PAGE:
Another golf show is behind us. The 2024 PGA Show is in the books. It was the first all-in show since January 2020, the last full event before the pandemic shut down so many parts of the universe. It was a grand, noisy get-together, a meeting of suppliers and buyers, educators and those looking for the next secret in this now ever-evolving industry. Overall, it was, I believe, a true success. A wonderful connector for old friends, new friends, and those of us looking to stay connected to a game now fueled by a seemingly endless number of new brands, new people, and new money. It was worth the time and the investment for most to come to Orlando and see what’s next in this growing, fast-changing game.
I am a member of Toastmasters International. It is an organization built around the idea of teaching people how to speak with confidence, how to enhance leadership skills, and become successful listeners. Within each meeting, there is a place for feedback. A place where a member delivers a report on a speech given earlier in the meeting. This is important feedback, allowing each speaker the chance to learn and grow. Feedback is an important part of the Toastmasters experience. It is that vital piece we very much lack in the world of 8-5. The evaluation is many times provided on the three themes shown in the title for this post: what the evaluator heard, saw, and felt. It works. I have witnessed it for years. The evaluation helps people build skills and confidence in both their professional and personal lives. This post will provide three thoughts about the PGA Show borrowing these benchmarks so valuable in learning how to become a confident speaker. Here are my three thoughts:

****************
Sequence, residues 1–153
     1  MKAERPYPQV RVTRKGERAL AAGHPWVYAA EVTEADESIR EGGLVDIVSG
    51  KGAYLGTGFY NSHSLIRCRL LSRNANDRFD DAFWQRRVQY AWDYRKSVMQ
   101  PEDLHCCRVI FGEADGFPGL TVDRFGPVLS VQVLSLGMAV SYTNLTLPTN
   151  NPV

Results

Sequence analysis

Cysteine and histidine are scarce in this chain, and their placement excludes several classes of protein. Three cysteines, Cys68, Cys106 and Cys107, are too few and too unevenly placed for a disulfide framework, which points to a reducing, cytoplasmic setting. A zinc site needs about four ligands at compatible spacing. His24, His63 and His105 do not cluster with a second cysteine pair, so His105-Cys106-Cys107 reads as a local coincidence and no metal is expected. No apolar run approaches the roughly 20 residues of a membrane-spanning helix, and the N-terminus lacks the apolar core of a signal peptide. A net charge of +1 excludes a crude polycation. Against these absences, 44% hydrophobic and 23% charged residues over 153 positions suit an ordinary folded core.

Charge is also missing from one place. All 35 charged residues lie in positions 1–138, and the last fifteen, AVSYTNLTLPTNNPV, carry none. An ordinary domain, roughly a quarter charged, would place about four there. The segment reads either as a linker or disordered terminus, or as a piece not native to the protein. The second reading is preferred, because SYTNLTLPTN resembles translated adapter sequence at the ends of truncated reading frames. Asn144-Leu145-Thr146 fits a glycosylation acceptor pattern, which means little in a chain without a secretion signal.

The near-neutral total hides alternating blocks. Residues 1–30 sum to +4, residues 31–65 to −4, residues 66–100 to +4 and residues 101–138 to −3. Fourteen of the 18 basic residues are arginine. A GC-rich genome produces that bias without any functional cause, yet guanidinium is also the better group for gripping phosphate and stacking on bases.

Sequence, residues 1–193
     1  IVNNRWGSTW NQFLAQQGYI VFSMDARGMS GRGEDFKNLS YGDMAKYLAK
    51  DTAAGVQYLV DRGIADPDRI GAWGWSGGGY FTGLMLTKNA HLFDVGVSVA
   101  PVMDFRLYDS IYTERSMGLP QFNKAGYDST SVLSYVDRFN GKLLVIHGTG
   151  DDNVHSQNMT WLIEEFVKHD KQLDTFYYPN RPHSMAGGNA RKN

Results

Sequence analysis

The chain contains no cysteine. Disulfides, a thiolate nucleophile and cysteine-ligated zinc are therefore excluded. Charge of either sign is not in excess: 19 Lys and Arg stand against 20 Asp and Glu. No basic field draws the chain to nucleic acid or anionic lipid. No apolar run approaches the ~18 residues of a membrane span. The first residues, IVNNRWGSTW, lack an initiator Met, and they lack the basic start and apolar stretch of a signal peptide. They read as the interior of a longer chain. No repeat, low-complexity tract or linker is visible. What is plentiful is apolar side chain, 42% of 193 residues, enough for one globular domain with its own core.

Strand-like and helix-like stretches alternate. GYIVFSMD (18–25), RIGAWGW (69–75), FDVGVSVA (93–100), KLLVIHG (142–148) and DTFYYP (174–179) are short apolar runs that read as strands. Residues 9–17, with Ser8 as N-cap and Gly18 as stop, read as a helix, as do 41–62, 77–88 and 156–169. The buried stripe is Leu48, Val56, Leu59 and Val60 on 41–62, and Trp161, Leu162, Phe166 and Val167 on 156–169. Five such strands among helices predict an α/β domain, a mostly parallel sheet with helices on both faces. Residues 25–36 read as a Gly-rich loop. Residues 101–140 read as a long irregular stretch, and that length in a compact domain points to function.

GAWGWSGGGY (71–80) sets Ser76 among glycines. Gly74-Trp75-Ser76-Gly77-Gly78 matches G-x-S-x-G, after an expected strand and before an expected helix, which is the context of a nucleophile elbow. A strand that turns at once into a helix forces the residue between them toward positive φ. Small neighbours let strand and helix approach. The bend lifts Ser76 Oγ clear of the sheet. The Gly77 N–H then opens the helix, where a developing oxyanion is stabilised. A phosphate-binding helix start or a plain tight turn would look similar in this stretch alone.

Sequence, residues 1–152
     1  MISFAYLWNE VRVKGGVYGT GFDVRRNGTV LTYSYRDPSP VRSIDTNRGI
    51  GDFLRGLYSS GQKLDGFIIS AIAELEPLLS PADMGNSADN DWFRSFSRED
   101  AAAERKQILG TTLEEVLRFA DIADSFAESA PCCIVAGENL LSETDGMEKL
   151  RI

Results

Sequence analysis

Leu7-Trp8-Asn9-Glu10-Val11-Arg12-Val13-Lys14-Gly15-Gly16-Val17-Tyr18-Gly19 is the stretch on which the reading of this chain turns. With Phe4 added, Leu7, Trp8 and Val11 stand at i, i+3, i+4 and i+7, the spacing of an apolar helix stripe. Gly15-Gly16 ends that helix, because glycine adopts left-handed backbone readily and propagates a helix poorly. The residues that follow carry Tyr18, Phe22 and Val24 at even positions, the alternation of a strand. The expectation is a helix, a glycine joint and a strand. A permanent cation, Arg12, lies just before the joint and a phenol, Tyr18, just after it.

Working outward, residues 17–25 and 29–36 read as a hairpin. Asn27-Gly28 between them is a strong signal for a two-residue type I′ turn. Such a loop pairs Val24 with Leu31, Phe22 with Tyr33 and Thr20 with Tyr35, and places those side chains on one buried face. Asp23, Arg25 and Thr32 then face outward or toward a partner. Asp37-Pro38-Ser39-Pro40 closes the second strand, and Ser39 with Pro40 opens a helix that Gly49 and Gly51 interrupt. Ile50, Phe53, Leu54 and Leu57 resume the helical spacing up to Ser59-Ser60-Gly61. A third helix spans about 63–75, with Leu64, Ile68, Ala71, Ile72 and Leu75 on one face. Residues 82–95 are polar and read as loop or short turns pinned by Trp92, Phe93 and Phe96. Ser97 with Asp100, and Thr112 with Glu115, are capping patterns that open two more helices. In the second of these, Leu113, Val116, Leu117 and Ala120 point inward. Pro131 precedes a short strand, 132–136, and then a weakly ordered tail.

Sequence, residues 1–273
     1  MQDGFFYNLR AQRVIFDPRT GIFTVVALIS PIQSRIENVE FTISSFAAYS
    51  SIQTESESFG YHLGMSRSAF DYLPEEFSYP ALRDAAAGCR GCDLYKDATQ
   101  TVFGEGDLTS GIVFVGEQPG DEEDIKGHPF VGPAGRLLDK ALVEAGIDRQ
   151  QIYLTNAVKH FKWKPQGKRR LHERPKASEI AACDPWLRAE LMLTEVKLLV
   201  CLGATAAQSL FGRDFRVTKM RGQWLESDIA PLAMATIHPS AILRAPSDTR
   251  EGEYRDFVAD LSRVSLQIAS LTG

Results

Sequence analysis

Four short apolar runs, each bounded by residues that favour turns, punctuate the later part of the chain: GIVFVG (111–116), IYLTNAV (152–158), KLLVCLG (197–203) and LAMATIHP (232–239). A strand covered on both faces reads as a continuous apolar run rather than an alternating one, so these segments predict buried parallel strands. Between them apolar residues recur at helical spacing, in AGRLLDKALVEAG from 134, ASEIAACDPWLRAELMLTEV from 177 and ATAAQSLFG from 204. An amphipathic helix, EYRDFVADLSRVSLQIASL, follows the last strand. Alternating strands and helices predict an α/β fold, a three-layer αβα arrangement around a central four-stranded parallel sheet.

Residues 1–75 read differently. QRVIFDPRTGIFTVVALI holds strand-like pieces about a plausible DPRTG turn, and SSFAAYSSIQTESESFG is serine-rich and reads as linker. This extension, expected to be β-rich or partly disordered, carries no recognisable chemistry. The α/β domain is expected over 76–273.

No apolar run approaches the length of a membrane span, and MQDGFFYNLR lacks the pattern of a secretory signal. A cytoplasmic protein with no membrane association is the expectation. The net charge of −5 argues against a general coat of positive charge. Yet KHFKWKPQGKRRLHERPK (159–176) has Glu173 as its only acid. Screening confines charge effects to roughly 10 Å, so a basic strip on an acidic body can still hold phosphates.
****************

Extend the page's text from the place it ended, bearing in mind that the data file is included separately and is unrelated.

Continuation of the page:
What I heard: Like the days before 2020, the Show was boisterous, filled with endless activity, conversation, and meetups with suppliers of every type. There seemed to be an endless number of new suppliers, most especially in the categories of apparel and swing simulators. Wow! Lots of new eyeballs have been reading the press clippings about the game, rounds growth, and stories of waiting lists at the local clubs. No doubt: new people and their money have entered the room, searching for their path to the green. In several conversations, however, I also heard concern. Concern that rounds were becoming too expensive. That memberships were being priced out of reach for some, and that the average shirt retail may soon require an installment plan. In an economy filled with potholes,…